Patriot Games

Last updated : 14 February 2003 By Richard Oldroyd

It’s a great country. It has a wonderful climate, a more relaxed attitude to life than we do in Britain, and they have stunning sporting and recreational facilities.

It is a country which perhaps more than any other developed nation derives it’s sense of national identity from sport, and more particularly, from sporting success. The combination of a highly developed infrastructure and an insatiable desire to achieve means visiting the country can be a humiliating experience for an Englishman.

I chose a particularly bad time. On the rugby field, the British Lions had just lost the test series against the Wallabies 2-1, and the Australians were embarrassing our cricketers in the ashes, romping to a 3-0 lead in the series whilst I was there before some pride was regained at Headingley after I left. I heard all the jokes. But at least I was able to point to football as a sport in which we held the upper hand.

No longer. This week, in a match that only meant anything to one of the teams who turned up, England were embarrassingly, abjectly and completely beaten by their Australian counterparts. The other two teams which turned up treated the match as a glorified training session. The senior players who were supposed to give England a lead before allowing the young guns their head in the second half, didn’t really want to be there. Presumably, they would rather have attended a celebrity function or taken the wife out for dinner.

It was as pointless an exercise as it was, ultimately, embarrassing. It was a waste of time and money for those who had paid good money in the hope of watching a decent game of football. Potentially more significantly, the game re-opened the debate over whether these international friendlies serve any purpose whatsoever any longer.

It is an argument without an easy solution. But lets get something out of the way straight away. The England team does matter. Perhaps we don’t support it with the same intensity as we do Burnley, but when a major championship comes round, the sense of national expectation which surrounds a big game is tangible. For the Brazil game in the world cup, the country came to a stand still and there was a real sense of deflation when we lost.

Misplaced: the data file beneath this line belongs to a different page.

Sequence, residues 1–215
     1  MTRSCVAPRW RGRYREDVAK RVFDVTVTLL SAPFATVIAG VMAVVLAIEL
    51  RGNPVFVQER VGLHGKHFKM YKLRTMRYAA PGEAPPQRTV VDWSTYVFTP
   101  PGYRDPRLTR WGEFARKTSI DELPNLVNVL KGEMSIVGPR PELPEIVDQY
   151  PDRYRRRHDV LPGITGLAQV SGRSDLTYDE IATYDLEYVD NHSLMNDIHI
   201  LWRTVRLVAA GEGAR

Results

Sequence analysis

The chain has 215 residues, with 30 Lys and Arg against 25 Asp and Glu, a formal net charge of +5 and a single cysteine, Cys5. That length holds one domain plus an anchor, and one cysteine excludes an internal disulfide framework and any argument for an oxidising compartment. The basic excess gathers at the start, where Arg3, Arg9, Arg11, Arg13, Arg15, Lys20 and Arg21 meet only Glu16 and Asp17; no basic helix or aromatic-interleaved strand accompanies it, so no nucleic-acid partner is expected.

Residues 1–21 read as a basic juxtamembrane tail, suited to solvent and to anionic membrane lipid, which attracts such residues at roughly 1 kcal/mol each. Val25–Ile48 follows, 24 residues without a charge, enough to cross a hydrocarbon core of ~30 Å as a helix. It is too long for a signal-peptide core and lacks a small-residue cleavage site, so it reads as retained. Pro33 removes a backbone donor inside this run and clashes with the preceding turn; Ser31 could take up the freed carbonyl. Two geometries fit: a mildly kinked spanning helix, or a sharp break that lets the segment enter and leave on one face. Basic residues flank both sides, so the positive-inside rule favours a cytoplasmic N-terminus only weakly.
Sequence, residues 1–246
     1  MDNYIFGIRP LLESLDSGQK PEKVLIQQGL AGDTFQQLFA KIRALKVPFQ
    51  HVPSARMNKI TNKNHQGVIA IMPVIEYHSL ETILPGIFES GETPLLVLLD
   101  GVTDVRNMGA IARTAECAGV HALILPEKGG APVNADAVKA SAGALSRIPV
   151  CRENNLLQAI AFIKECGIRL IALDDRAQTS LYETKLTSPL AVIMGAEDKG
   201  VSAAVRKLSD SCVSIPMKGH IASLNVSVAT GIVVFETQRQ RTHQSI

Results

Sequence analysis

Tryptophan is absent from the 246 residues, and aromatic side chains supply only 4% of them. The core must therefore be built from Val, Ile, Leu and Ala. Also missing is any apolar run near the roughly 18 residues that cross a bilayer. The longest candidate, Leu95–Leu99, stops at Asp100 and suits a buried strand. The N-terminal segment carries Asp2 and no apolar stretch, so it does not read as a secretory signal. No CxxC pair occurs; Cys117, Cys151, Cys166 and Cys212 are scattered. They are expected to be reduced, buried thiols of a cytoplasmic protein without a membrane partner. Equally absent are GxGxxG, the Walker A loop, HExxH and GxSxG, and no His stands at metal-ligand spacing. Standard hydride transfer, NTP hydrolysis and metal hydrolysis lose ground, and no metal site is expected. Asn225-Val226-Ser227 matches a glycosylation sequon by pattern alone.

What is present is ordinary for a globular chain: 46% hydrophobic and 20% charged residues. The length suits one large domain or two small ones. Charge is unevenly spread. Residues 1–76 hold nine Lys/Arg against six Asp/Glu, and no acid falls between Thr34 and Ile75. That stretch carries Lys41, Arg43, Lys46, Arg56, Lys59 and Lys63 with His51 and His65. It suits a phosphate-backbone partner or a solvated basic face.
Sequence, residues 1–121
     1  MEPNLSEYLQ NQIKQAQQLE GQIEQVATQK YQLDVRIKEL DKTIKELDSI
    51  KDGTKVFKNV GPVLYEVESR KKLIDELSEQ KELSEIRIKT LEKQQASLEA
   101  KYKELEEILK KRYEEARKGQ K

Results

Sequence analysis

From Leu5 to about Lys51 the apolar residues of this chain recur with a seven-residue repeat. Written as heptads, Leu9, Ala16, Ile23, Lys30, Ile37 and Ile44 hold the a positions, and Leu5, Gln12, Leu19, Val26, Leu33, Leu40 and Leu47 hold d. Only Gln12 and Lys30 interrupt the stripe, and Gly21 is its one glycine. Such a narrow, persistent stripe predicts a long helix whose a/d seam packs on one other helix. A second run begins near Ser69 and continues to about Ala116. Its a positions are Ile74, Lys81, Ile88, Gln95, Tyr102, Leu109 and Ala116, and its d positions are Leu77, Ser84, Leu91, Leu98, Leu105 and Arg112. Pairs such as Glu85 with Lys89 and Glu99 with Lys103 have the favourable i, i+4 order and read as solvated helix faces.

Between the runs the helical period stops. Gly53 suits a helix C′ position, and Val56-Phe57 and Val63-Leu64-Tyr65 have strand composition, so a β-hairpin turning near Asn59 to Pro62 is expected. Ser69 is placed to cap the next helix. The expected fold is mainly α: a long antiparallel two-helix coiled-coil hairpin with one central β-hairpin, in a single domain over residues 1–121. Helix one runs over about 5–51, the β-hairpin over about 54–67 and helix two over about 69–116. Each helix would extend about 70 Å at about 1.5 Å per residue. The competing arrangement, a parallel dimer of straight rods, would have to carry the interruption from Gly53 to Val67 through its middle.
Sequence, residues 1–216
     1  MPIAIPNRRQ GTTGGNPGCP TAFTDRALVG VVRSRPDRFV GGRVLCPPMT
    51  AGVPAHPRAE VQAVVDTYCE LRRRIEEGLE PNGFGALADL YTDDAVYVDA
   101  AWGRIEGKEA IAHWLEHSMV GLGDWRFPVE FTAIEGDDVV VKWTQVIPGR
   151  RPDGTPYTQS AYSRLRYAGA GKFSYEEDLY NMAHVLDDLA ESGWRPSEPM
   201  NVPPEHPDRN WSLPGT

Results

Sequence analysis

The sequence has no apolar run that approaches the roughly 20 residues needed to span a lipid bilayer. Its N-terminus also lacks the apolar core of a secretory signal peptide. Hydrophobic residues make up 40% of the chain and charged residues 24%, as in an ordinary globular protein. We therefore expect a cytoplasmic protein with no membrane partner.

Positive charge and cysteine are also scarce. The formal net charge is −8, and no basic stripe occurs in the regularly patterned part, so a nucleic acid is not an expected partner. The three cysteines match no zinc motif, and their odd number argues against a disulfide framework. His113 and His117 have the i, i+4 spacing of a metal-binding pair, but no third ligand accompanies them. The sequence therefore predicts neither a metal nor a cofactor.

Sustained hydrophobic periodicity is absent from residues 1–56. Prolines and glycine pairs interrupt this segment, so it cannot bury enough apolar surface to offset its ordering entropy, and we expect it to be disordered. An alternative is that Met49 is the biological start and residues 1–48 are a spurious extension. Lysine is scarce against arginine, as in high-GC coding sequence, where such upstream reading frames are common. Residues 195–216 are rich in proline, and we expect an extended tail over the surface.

We do, then, want to see England do well. We want to see England win things. If that was the reaction that a world cup quarter-final commands, then the scenes on final day would be very special indeed. And if England are going to win things, then they need to give the players charged with achieving that objective the opportunity to grow together as a team. They need the chance to play teams from continents other than Europe. It is friendly matches, rather than the pressure-cooker environment of a qualifying match against another European team, that provides it.

But these matches are only of any use if they perform that function. They have to give the best England team the chance to test itself and develop. They have to see that side given the chance to play together for a full match. 45 minute efforts with a second string squad achieves nothing. Giving out caps indiscriminately to any player whom the media get excited about devalues the whole notion of international football being the pinnacle of achievement within the sport.

But the whole problem has to be viewed in the context of increasingly bitter club versus country divide. Clubs pay their players glittering rewards in the hope that they will deliver success to that club. International football is nothing but an irritant blocking that path, a stage which only represents an injury hazard to those expensive stars.

But even the smaller clubs, even those who do not contribute players to the England cause, have an interest in this debate. Sven Goran Eriksson says there are too many games, and would like to reduce the size of the Premiership; ask supporters of West Brom or Birmingham, or even Burnley fans, whether they fancy having two less top flight births to fight for. Turkeys wouldn’t vote for Christmas; football clubs will not vote to diminish their chances of staying amongst the elite.

It is because of this conflict of interests that Sven Goran Eriksson has taken the approach to friendly matches that he has. But understandable as it may be, it is still wrong. Eriksson would be better making do with training camps during the season, and then lining up a two or three of meaningful friendlies at either end of the domestic season. As for introducing young players into the squad, Eriksson can learn as much about whether the youngsters are ready from watching them in club action against the top domestic teams, or in European competition, as he can from games like the one on Wednesday night.

Then he can introduce them when they force their way into the team, and force some of those players who did not perform on Wednesday night to work for a place in the team. That is the way in which a squad should work. And as for winning that world cup: it would be nice, but only if it does not come at the expense of Burnley Football Club. In this country, the hard truth is that the clubs come first.

They don’t think like that in Australia.